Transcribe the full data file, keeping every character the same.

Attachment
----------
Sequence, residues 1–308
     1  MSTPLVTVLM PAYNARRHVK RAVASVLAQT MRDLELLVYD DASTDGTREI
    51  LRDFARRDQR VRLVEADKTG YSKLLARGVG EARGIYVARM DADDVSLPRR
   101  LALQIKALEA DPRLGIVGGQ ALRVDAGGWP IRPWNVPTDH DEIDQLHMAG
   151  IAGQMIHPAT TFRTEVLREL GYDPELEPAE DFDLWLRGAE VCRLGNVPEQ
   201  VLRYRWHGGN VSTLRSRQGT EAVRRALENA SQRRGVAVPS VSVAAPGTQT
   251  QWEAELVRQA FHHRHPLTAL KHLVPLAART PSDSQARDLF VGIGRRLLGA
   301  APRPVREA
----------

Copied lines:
Sequence, residues 1–308
     1  MSTPLVTVLM PAYNARRHVK RAVASVLAQT MRDLELLVYD DASTDGTREI
    51  LRDFARRDQR VRLVEADKTG YSKLLARGVG EARGIYVARM DADDVSLPRR
   101  LALQIKALEA DPRLGIVGGQ ALRVDAGGWP IRPWNVPTDH DEIDQLHMAG
   151  IAGQMIHPAT TFRTEVLREL GYDPELEPAE DFDLWLRGAE VCRLGNVPEQ
   201  VLRYRWHGGN VSTLRSRQGT EAVRRALENA SQRRGVAVPS VSVAAPGTQT
   251  QWEAELVRQA FHHRHPLTAL KHLVPLAART PSDSQARDLF VGIGRRLLGA
   301  APRPVREA